I forgot to mention the amazing Monasterio Santa Maria De La Real in Najera yesterday. It has a magnificent Pantheon housing the burial place of many illustrious kings, queens and knights of Navarre. The local church has choir stall with pilgrim motifs carved into the seats. This all made up for the ghastly refugio, modern hall, dusty, stuffy, noisy, streetlights in face, local teens having street party with Spanish rap out of cars, 2 to 5 am, what fun.
Today was the first day where my feet were only killing me for 50 percent of the walk. I actually enjoyed the first half, no pain. I realised last night that what I thought was sneezing from pollen, actually was a cold coming on, no wonder I felt so low in energy yesterday. Bought some Berocca and feel much better. The blister is just about gone, open it, mercurochrome it, let it dry overnight, and then put compede plaster on at 2 euro a pop. Works like a charm. Fitness is not a problem for me; it is the pain in the soles of my feet. Probably the hard paths and weight of backpack. Hope this goes away over time.
Adios, asta manana. Gitti
p.s. there may not be internet off and on from now for the next few days as I am approaching a more remote and mountainous region.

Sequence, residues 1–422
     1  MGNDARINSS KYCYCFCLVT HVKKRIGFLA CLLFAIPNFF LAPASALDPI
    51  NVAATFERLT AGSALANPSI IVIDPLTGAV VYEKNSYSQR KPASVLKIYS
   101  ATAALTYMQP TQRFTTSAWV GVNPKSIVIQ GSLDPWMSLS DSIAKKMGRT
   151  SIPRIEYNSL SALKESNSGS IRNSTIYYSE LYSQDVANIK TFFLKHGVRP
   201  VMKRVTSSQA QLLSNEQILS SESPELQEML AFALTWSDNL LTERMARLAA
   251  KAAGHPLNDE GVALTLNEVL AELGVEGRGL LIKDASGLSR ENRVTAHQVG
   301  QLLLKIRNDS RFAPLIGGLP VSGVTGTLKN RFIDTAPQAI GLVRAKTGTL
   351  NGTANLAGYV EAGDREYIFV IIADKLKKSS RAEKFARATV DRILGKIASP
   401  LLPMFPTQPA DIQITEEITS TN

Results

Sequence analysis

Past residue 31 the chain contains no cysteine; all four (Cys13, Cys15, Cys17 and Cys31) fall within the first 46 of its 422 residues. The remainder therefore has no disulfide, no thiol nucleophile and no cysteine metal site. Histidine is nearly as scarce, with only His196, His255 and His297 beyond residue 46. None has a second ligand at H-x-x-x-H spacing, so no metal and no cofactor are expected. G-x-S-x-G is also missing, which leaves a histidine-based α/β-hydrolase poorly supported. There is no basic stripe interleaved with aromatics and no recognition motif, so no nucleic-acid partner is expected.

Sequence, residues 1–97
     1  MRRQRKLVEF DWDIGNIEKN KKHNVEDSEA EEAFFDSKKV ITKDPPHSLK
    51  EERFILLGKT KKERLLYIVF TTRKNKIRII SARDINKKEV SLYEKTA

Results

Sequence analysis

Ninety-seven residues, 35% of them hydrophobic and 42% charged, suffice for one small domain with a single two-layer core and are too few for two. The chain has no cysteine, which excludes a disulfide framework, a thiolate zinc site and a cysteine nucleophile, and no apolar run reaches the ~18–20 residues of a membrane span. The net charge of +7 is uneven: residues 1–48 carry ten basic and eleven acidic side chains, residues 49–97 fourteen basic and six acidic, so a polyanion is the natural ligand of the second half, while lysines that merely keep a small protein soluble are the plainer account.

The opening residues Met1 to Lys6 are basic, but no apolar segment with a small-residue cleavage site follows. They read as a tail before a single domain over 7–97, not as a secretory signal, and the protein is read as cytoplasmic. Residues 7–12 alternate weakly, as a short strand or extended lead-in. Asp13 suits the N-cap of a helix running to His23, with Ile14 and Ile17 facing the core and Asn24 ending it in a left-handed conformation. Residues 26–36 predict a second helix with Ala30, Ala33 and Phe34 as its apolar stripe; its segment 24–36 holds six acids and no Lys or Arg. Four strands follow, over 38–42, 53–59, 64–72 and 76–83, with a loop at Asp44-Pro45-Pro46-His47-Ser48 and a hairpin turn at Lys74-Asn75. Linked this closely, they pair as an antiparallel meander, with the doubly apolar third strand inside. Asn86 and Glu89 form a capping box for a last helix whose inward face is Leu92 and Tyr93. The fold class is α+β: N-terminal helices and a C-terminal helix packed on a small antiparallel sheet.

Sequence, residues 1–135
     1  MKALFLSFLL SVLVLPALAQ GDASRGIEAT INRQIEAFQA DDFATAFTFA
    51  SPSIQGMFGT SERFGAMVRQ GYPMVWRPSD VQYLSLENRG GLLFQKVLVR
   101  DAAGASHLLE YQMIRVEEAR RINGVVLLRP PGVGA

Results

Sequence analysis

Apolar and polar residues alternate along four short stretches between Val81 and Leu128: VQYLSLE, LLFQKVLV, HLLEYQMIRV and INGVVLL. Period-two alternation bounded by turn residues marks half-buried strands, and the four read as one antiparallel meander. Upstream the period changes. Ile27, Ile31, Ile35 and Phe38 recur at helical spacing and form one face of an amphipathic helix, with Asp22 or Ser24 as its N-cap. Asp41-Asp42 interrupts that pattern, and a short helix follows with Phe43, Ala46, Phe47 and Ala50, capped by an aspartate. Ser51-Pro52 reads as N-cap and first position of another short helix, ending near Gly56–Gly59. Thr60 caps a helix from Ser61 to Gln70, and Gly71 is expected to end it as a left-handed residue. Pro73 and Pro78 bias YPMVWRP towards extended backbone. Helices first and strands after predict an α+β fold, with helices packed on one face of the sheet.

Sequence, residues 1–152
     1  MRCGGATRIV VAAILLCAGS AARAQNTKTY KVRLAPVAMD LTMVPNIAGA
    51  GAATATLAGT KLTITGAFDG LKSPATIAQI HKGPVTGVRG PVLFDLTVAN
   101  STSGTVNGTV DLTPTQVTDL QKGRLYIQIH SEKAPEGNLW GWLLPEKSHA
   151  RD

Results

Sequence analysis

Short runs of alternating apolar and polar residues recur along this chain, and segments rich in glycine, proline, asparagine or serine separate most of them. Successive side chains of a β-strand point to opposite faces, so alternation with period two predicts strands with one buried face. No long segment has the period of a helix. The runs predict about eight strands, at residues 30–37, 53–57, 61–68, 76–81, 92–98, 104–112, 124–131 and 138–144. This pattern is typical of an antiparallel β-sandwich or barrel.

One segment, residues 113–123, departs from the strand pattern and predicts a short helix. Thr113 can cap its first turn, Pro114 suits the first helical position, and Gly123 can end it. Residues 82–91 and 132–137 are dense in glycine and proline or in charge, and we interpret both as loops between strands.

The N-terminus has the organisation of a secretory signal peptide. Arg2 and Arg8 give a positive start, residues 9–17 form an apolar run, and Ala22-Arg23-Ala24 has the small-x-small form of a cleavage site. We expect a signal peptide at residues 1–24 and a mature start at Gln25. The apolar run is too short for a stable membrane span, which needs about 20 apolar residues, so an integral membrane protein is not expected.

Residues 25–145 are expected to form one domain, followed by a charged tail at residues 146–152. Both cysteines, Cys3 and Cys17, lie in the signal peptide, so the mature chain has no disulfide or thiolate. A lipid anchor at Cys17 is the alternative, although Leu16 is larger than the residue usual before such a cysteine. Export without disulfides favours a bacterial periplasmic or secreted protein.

HI, I made it to Belorado, 26 km adjusted for ascent plus however much for the extremely icy and strong headwind. I had sent off my warm hat and regretted it. Eventually I resorted to two pairs of undies with socks sandwiched in between to cover the ears all held in place by my sunhat. It worked a treat. Towards the end of the route through tranquil villages bypassed by the N 120 I arrived at the Municipal Hostel at 2pm and it was full! Good fortune brought me to the other option in town, a relatively luxurious abode on 3 floors with hot showers, decent bunks a kitchen and courtyard. I cooked for Annemarie from Switzerland and Louis from Paris. Tomorrow we cross a mountain range with 1150m being the highest point of the route. Rain was forecast for today, but luckily it was only a shower and I got to try out my poncho quite successfully. My feet lasted rather better today, still sore but not as extreme. The best thing was the visiting masseur who gave my back and feet a fantastic going over.